TORONTO -- After breaking in their act in several hilarious shorts -- two won Oscars -- and a TV series, Wallace and Gromit get their very own feature film in “Wallace & Gromit: The Curse of the Were-Rabbit.” Wallace, of course, is that cheerful but daft inventor extraordinaire and Gromit is his silent though sage canine, who quietly cleans up his master’s disasters. Most fans of the U.K.-based Aardman Animations’ magical claymation technique think of these two as the studio’s best creations. They certainly live up to that reputation in “The Curse of the Were-Rabbit.”
Aardman’s first feature for DreamWorks, “Chicken Run
” in 2000, didn’t completely manage the trick of maintaining the laughs and stylish glee of its shorts in a film nearly three times their length. The studio now hits its stride in a second outing, displaying the same technical flair, wonderful British wit and a sharper story sense. Since “Curse” is both a family movie and a date movie, DreamWorks should enjoy a long theatrical run followed by a lively ancillary afterlife.
This adventure is scripted by the two co-directors, Steve Box
and Nick Park
, along with Bob Baker
and Mark Burton
. Wallace (voiced by Peter Sallis
) & Gromit run a humane extermination company called Anti-Pesto, which collects rabbits savaging vegetable patches in a comfy British suburb and brings them back to the house. (The basement is getting rather overrun by rabbits, the truth be told.)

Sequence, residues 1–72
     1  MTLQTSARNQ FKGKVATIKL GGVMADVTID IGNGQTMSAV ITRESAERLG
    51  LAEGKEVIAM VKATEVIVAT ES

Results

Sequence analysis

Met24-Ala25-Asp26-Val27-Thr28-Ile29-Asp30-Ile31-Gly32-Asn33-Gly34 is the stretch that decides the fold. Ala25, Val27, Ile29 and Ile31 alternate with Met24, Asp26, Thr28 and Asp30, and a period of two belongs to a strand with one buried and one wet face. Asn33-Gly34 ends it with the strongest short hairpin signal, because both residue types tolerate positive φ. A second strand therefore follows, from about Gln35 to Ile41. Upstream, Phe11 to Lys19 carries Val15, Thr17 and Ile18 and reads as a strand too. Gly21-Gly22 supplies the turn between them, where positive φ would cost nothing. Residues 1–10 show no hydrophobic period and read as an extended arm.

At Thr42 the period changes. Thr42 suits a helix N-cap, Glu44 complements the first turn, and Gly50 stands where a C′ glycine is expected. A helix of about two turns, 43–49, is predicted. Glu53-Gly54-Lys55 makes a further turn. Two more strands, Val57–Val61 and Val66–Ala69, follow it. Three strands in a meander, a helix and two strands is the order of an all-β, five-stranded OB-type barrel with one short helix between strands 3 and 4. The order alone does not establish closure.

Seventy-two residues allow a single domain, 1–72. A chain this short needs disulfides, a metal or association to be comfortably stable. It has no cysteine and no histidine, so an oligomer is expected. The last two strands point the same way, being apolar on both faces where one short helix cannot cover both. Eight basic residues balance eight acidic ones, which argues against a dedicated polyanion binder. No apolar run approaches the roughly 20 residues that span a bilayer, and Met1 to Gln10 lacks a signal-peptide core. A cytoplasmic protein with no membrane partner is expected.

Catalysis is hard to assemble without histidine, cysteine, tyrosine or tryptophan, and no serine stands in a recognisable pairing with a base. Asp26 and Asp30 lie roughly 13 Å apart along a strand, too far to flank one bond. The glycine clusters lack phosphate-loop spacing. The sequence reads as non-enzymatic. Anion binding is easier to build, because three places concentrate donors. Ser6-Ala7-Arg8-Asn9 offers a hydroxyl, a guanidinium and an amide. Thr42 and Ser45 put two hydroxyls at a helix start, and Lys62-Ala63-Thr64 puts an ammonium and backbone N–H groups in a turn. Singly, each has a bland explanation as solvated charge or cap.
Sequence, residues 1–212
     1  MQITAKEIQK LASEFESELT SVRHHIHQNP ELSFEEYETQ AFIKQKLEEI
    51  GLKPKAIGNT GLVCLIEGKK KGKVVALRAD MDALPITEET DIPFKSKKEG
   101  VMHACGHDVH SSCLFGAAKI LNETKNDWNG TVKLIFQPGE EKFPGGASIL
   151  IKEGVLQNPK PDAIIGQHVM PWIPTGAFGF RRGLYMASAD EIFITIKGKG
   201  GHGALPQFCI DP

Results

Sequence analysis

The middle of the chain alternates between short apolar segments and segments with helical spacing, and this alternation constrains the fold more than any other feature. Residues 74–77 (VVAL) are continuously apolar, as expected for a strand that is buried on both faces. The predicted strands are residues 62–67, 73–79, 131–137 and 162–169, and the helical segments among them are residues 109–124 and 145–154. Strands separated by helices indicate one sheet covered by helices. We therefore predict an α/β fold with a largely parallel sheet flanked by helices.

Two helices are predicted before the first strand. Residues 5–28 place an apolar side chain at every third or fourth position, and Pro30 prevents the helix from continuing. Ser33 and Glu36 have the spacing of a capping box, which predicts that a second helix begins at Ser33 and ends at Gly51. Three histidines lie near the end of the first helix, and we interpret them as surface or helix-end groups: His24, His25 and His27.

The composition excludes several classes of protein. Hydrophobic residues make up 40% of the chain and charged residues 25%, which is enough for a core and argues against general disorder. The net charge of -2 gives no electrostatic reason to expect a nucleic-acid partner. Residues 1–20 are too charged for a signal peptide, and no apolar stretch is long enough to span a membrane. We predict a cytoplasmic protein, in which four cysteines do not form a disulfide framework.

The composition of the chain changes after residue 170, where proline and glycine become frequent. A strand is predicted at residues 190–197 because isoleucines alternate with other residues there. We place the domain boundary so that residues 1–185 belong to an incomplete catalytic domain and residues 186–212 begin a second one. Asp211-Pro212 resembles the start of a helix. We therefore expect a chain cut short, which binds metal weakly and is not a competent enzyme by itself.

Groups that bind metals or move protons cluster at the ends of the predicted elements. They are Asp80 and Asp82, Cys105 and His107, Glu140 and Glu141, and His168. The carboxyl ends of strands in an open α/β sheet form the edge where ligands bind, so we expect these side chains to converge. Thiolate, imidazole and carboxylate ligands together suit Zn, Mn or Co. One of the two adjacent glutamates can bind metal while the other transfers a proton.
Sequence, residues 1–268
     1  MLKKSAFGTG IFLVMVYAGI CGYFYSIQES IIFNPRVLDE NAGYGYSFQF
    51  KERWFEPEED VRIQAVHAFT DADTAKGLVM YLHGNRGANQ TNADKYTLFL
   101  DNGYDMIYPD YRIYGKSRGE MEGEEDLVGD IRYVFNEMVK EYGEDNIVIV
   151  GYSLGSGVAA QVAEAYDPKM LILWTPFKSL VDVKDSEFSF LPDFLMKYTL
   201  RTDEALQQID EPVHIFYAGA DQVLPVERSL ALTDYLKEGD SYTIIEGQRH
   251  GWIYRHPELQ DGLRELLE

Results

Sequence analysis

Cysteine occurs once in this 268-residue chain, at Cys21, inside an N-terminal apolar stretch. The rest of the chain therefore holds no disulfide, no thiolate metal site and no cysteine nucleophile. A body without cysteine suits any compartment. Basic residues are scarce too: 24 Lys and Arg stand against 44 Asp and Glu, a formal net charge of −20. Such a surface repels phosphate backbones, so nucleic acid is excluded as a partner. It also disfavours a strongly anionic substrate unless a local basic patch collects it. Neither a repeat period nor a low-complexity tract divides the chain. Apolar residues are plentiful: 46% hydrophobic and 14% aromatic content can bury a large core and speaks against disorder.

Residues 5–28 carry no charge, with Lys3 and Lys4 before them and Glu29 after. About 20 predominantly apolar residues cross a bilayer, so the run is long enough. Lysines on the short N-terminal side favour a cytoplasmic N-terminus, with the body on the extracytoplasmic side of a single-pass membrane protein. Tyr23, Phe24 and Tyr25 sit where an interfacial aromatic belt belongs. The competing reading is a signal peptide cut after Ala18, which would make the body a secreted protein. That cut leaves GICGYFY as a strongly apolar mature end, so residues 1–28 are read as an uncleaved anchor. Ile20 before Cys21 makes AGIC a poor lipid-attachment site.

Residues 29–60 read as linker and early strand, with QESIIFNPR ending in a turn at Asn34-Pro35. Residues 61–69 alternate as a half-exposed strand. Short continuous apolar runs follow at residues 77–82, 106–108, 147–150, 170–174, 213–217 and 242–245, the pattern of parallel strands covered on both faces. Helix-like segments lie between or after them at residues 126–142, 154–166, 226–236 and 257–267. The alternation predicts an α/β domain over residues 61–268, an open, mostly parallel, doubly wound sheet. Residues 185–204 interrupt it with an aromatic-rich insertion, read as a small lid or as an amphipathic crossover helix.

Anti-Pesto faces its greatest challenge when a monster rabbit devours patch after patch in the days leading up to the annual Giant Vegetable Competition, sponsored by Lady Tottington (an aristocratically bubbly Helena Bonham Carter
). The team must also outwit the blustery Victor Quartermaine (Ralph Fiennes
in a delightfully over-the-top caricature), who means to kill the monster rabbit with a gold bullet, a 24-carat one. (The Aardman crew is truly addicted to puns.)
Then the unthinkable happens: Wallace & Gromit meet the enemy and it is … Wallace? Yes, in a foolish attempt to rehab rabbits from their desire for veggies in his laboratory, things went horribly wrong. Now, when the moon comes out, Wallace transforms into the Were-Rabbit in a delightful sequence that captures the best of claymation.
Park and Box can now spoof all the old monster movies, everything from werewolves to King Kong himself. From here on the movie rolls merrily along with slapstick action and whimsical characters. And always there’s Gromit working feverishly to prevent disaster after disaster.Julian Nott
’s jolly music with its mock epic swells just barely keeps up with the breakneck pace, one-liners and jokey signs that fly by too fast for the eye to catch every one.
WALLACE & GROMIT: THE CURSE OF THE WERE-RABBIT
DreamWorks Animation presents an Aardman Animations production
Credits: Directors: Nick Park
, Steve Box
; Writers: Steve Box
, Nick Park
, Bob Baker
, Mark Burton
; Producers: Claire Jennings
, Carla Shelley
, Peter Lord
, David Sporxton, Nick Park
; Executive producers: Michael Rose
, Cecil Kramer
; Director of photography: Tristan Oliver
, Dave Alex-Riddett; Production designer: Phil Lewis
; Music: Julian Nott
; Editor: Dave McCormick
, Greg Perler.
Cast: Wallace: Peter Sallis
; Victor Quatermaine: Ralph Fiennes
; Lady Tottington: Helena Bonham Carter
; Rev.Hedges: Nicholas Smith
; PC McIntosh: Peter Kay
; Mrs. Mulch: Liz Smith.
MPAA rating G, running time 80 minutes.